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Telegraph mistakes Iranian plutonium production for news

As talks on Iran's nuclear program move ahead, experts weigh in on the meaning of the publication's "scoop" on a program that anyone paying attention has known about for years.

Iran nuclear talks 2013 2 27Enlarge
Iran's representatives led by their top nuclear negotiator Saeed Jalili (back 4th L) take part in talks on Iran's nuclear program in the Kazakh city of Almaty on Feb. 27, 2013. World powers and Iran were due to respond today to offers presented by both sides in a final day of talks aimed at breaking a decade of deadlock over Tehran's nuclear drive. (AFP/Getty Images)

JERUSALEM — As the crucial second day of meetings between Western powers and Iran got underway in Almaty, the capital of Kazakhstan, a bombastic headline in London's Daily Telegraph sent the world atwitter: "Iran's 'Plan B' for a nuclear bomb: Iran is developing a second path to a nuclear weapons capability by operating a plant that could produce plutonium, satellite images show for the first time." 

A satellite image showed a menacing curl of steam rising from a squat, square building.

Immediately questions arose as to the very relevance of the Almaty talks if, in fact, Iran was pursuing a second, secret avenue towards a nuclear bomb.

In fact, the headline, while not entirely inaccurate, served mostly to reveal a large-scale political network that is operating, both for and against Iran, in the international news media.

The crucial — and incorrect — word in the Telegraph's otherwise largely accurate story was the word "first."

Everybody who is anybody among those who follow Iran's nuclear ambitions, it so happens, was well aware of Iran's pursuit of plutonium.

Interviewed on Israel Army Radio, Maj.-Gen. Amos Gilad, the director for Policy and Political-Military Affairs in the Israeli Ministry of Defense, sounded perplexed. "What scoop?" he asked, rhetorically.

"It’s a scoop only if you don't know what you're talking about. You'd think the Iranians had a bomb from what appears in that paper. A nuclear Iran would obviously be a major threat for the Middle East, but this isn't even news."

Next to its much more widely discussed uranium enrichment, Iran's attempts to produce polonium at its Arak plant have been known for years.

However, a related scoop unmentioned in the Telegraph item caught the eye of Dr. Ephraim Asculai, senior research fellow at the Institute for National Security Studies.

In the last report issued by the UN's International Atomic Energy Agency, Iran states that the heavy water plant at Arak, which is intended for use as a reactor fueled by natural uranium built on-site, will be producing military grade plutonium by the first quarter of 2014.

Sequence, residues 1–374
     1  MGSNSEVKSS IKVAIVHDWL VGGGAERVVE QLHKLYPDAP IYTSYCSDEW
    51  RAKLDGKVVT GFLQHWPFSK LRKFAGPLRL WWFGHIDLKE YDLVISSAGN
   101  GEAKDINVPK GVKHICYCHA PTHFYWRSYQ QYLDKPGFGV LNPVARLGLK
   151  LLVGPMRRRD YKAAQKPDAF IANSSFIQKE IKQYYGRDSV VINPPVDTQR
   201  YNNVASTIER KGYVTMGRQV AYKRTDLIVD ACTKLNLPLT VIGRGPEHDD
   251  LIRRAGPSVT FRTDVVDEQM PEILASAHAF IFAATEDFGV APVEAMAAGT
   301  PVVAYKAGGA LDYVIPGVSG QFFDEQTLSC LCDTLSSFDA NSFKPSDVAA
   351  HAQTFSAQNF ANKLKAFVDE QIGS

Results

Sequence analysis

"The Telegraph article contains nothing new except for the fact that this is such a worrisome matter that every once in a while it should be on the headlines," Asculai said. "The steam? Really? We know there is steam there."

"But the announcement that the Arak plant will be functional within a year — that's interesting."

Unlike in the case of most of its uranium plants, even those enriching weapons-grade uranium, Iran has refused to allow the IAEA to inspect the Arak site for more than 18 months.

The Telegraph's emphasis on plutonium does highlight one of the many conundrums the West faces in its relations with Iran: non-compliance.

It also ads agency to a rumor that has swept over Jerusalem in recent days, which holds that President Barack Obama's message to Israeli Prime Minister Benjamin Netanyahu, on his first visit to Israel next month, will be in essence, "Sit tight; stop threatening unilateral military action; the American window of opportunity for military action against Iran opens in June."

The Iranians, Gilad said, "Have no Plan B. They have a single plan, and that is to make a nuclear bomb. Uranium, plutonium, it doesn't matter."

The talks in Almaty this morning ended with the announcement of further talks in Istanbul next month. Following an eight month suspension of talks, this itself was seen to be a positive step.

"The Iranians are happy to talk about anything and everything and say every meeting was positive,” Gilad said. “But this does not mean they have the slightest intention to give up their nuclear project."

He added that "the western powers are in no way naïve. We keep talking because we have to exhaust all diplomatic options and try every sanction, but there is an absolute consensus internationally that this is a top priority. There is no disagreement: President Obama says all options are on the table, and means it."

Meir Javedanfar, an Israeli expert on Iran, suspects the Telegraph "scoop" may be part of a larger political picture. "I think this could be due to the fact that Iran has not been cooperating with IAEA on the Arak plant for at least a year and a half, so the purpose of this article may be to increase pressure on Iran to be more cooperative."

On his blog, Iran-Israel Observer, Javedanfar speculates about the innumerable "conspiracy theories" surrounding all matters Iranian.

"Oh, I've heard this one before," sighs Alex Vatanka, an Iran expert at Washington's Middle East Institute. "Is this a surprise for anyone?" 

The big headline, he says, is likely "part of a political game. Its timing seems to suggest that it’s a nudge aimed at the Iranians, to remind them that the world's attention is not going to wander off."

Still, he said, for all of Iran's investment in its nuclear project, for all the recourses given up and all the pain its people have been made to suffer, "to my knowledge a smoking gun has yet to be found."

http://www.globalpost.com/dispatch/news/regions/middle-east/iran/130227/daily-telegraph-mistakes-plutonium-enrichment-news